Extensible Markup Language (XML)
This page describes work done at W3C within the XML activity.

FAQ on the use and application of XML and conversion of documents in HTML to XML. 

XML in Libraries
Eric Lease Morgan's process used to learn a bit about XML, Extensible Markup Language. It is presented in an effort to share his experiences as well as provide him with the means to articulate what he learned.

Other standards and best practices

Categories for the Description of Works of Art

Categories for the Description of Works of Art" is a metadata standard for art objects and their visual surrogates, developed by a task force sponsored by the College Art Association and the Getty Trust. Version 2.0 includes a fully revised text, new sections covering artist, subject, and other "authorities," an entity relationship diagram, and 32 cataloging examples of different types of works of art and material culture, with accompanying images. The CDWA definitions document (with examples) is available as a PDF file for easy printing.

Federal Geographic Data Committee Standards

Standards from the FDGC include Geographic Information Framework Standard, Address Data Stanard, and the FGDC Content Standard for Digital Geospatial Metadata.

Metadata Encoding and Transmission Standard (METS)

The METS scheme is a standard for encoding descriptive, administrative and structural metadata regarding objects in a digital library, expressed using the SML schema language. METS is an initiative of the Digital Library Federation and is maintained by the Library of Congress.

Metadata Object Description Schema (MODS)

The Library of Congress' Network Development and MARC Standards Office, with interested experts, has developed a schema for a bibliographic element set that may be used for a variety of purposes, and particularly for library applications. As an XML schema, the "Metadata Object Description Schema" (MODS) is intended to be able to carry selected data from existing MARC 21 records as well as to enable the creation of original resource description records.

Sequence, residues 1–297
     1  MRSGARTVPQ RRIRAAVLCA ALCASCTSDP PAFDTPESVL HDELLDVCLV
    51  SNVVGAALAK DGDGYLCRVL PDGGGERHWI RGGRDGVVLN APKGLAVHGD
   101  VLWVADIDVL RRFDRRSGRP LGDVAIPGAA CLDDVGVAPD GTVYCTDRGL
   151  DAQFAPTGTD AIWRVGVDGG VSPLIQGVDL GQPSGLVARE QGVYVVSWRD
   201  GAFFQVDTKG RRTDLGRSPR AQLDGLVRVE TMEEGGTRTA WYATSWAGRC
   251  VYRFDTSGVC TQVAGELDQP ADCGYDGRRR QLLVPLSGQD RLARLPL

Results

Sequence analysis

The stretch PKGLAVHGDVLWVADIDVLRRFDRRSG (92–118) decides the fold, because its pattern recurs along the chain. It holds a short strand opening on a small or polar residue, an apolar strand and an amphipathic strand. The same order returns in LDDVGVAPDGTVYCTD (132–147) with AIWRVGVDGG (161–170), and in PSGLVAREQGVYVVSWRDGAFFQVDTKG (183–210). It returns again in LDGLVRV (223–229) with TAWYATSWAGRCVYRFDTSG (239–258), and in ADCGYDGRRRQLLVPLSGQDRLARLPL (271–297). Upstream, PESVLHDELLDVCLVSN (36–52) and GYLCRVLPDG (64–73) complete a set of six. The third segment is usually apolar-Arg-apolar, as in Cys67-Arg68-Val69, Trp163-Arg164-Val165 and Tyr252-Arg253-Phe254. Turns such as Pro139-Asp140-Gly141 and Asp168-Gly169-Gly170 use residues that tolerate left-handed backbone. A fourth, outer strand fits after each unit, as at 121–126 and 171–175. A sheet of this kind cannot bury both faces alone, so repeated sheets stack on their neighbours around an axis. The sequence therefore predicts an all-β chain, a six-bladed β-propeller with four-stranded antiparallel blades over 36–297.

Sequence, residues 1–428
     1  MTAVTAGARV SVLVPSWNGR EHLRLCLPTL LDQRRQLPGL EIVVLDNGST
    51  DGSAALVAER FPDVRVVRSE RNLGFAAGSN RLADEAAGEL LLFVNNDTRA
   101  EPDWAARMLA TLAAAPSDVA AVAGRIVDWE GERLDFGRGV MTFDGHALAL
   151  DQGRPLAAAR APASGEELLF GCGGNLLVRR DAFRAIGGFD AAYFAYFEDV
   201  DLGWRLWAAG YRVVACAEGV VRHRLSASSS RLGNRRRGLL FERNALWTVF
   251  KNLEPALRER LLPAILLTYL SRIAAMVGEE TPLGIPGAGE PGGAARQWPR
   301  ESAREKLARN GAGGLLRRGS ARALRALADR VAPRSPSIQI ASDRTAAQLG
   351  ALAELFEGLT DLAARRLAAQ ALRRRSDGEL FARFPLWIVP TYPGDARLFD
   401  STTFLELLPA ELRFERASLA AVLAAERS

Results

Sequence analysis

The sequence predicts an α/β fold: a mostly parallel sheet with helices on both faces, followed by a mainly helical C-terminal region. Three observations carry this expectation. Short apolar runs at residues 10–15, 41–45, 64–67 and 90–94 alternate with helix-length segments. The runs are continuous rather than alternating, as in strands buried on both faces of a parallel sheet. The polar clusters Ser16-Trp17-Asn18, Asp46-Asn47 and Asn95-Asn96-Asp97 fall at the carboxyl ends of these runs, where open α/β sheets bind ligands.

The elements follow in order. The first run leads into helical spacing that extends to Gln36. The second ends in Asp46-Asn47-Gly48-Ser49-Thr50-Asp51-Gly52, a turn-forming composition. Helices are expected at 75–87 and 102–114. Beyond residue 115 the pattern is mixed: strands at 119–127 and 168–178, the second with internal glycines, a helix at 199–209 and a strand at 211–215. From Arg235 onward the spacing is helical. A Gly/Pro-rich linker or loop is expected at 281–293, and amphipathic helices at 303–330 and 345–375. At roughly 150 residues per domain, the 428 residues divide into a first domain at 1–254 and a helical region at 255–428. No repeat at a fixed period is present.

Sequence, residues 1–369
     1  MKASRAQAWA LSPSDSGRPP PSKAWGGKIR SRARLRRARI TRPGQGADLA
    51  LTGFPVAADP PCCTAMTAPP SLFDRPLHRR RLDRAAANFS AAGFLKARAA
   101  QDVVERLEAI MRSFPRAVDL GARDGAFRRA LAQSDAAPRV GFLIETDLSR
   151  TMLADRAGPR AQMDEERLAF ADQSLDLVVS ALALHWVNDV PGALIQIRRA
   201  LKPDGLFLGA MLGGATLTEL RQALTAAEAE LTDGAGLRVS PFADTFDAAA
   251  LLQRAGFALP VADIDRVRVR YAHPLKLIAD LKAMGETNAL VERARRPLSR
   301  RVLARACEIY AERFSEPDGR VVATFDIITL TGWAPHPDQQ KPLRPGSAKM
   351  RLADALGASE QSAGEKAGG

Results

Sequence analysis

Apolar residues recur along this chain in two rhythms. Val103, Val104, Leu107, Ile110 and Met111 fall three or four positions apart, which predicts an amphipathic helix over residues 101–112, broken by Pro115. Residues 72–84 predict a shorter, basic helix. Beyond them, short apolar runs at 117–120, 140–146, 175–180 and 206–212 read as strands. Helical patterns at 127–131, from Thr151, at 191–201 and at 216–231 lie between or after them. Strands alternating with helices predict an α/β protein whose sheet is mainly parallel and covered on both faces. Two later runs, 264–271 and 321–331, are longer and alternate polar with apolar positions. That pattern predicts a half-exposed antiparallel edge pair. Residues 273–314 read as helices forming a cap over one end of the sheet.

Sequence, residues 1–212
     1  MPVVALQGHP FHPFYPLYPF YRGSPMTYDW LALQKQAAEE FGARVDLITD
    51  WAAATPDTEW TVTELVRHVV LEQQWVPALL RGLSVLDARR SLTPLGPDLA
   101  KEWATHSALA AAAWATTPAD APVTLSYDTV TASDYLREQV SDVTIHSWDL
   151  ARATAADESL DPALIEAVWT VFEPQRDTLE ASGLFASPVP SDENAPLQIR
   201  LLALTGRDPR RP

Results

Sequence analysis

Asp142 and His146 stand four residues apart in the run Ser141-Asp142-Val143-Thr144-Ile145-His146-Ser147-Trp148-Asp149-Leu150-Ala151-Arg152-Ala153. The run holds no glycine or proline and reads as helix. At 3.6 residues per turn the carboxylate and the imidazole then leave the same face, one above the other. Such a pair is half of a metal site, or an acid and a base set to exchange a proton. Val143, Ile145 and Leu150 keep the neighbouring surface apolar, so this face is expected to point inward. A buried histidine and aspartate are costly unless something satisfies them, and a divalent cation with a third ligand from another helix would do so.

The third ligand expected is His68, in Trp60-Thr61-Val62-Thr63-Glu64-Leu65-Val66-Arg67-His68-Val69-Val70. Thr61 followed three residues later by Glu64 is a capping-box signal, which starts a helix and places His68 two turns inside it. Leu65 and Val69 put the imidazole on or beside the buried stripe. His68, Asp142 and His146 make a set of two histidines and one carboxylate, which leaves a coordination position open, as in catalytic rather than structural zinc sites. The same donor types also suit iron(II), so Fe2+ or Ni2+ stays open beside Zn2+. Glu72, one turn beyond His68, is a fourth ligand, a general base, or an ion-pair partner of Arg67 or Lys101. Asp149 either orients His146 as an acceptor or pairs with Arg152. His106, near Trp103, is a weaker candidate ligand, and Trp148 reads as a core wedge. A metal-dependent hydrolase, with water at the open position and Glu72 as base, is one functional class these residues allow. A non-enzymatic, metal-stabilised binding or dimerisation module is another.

IMAP Cataloging Project

There are many groups addressing the issues of organizing digital objects. The Independent Media Arts Preservation group has a website that will assist independent producers and arts and cultural organizations catalog their collections. The focus is non-commercial production including video art, audio art, technology based installation art, etc. The site provides a standardized template for use by these organizations. The template is based on MARC and AACR-2 cataloging rules.

International Guidelines for Museum Object Information: The CIDOC Information Categories

Produced by the International Council of Museums (ICOM). A description of the information categories that can be used when developing records about the objects in museum collections.


"The USMARC formats are standards for the representation and communication of bibliographic and related information in machine readable form." They contain an explicit set of rules for the structure of fields and the conventions and content values within those fields. More information about the MARC standard is available at this website.

Recordkeeping Metadata Standard for Commonwealth Agencies

The National Archives of Australia has made available on their website metadata standards that the National Archives of Australia recommends should be captured in the recordkeeping systems used by Commonwealth government agencies. This standard has its roots in the Dublin Core and is worth looking at, especially in light of the importance of defining a workable metadata standard. Part One of the standard explains the importance of standardized recordkeeping metadata and details the scope, intended application, and features of the standard. Part Two of the standard provides details on the basic set of 20 metadata elements and 65 subelements and defines them in relation to their purpose and rationale.